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Researchers Create Nanowire Film that Promises Versatile, Less Expensive Electronics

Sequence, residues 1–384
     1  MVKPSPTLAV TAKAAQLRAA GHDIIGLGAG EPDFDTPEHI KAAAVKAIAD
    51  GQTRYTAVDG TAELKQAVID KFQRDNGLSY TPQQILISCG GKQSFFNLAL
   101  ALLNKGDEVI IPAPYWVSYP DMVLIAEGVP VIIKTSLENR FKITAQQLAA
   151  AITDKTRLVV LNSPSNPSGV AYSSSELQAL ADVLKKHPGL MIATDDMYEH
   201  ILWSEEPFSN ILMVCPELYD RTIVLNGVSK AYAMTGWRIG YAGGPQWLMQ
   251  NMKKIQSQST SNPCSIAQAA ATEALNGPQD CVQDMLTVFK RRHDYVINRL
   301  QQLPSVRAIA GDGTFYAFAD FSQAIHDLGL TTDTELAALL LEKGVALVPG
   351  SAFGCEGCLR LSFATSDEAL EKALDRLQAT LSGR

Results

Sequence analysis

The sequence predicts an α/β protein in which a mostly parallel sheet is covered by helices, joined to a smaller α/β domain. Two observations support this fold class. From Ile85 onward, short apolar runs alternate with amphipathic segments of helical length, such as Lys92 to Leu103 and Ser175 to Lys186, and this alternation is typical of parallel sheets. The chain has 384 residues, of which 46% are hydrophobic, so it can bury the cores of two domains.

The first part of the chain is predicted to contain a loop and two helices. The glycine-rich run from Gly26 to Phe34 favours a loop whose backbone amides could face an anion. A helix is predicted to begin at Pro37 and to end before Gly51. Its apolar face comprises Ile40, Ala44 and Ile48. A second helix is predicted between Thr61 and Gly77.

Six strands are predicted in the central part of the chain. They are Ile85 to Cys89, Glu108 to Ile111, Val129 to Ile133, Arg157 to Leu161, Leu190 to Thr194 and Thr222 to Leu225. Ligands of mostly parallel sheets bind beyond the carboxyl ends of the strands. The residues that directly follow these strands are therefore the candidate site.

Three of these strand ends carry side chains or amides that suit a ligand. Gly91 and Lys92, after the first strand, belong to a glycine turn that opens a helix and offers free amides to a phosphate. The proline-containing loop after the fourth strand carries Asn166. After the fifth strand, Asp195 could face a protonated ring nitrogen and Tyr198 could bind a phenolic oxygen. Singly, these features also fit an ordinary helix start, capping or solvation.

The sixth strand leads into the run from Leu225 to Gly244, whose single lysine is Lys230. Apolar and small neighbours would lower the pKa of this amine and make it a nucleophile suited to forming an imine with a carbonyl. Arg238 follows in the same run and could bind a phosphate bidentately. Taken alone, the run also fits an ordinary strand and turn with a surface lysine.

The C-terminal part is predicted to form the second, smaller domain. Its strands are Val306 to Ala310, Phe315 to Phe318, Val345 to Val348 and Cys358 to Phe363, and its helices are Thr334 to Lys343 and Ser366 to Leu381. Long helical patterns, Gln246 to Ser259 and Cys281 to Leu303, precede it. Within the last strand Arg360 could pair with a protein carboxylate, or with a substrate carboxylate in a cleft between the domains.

Duke University researchers say they have created flexible, electrically conductive copper-nickel nanowires that promise to be less expensive and more robust than current circuitry. The film conducts electricity even under conditions that typically limit electron transfer in conventional silver and copper nanowires. The nanowire film would also be an alternative to indium tin oxide, a brittle, expensive film typically coated on glass to act as a conductive layer in devices such as cellular phones and e-readers, Indium tin oxide also typically requires the costly vapor-deposition process when used in manufacturing. However, the new material is not yet as conductive as indium tin oxide. The Duke researchers are working on its use in applications such as printed electronics, e-paper, smart packaging, and interactive clothing. NanoForge Corp. is making copper-nickel nanowires for testing and commercialization. (EurekAlert)(“Synthesis of Oxidation-Resistant Cupronickel Nanowires for Transparent Conducting Nanowire Networks,” A.R. Rathmell, M. Nguyen, et alNanoLetters, May 29, 2012.)

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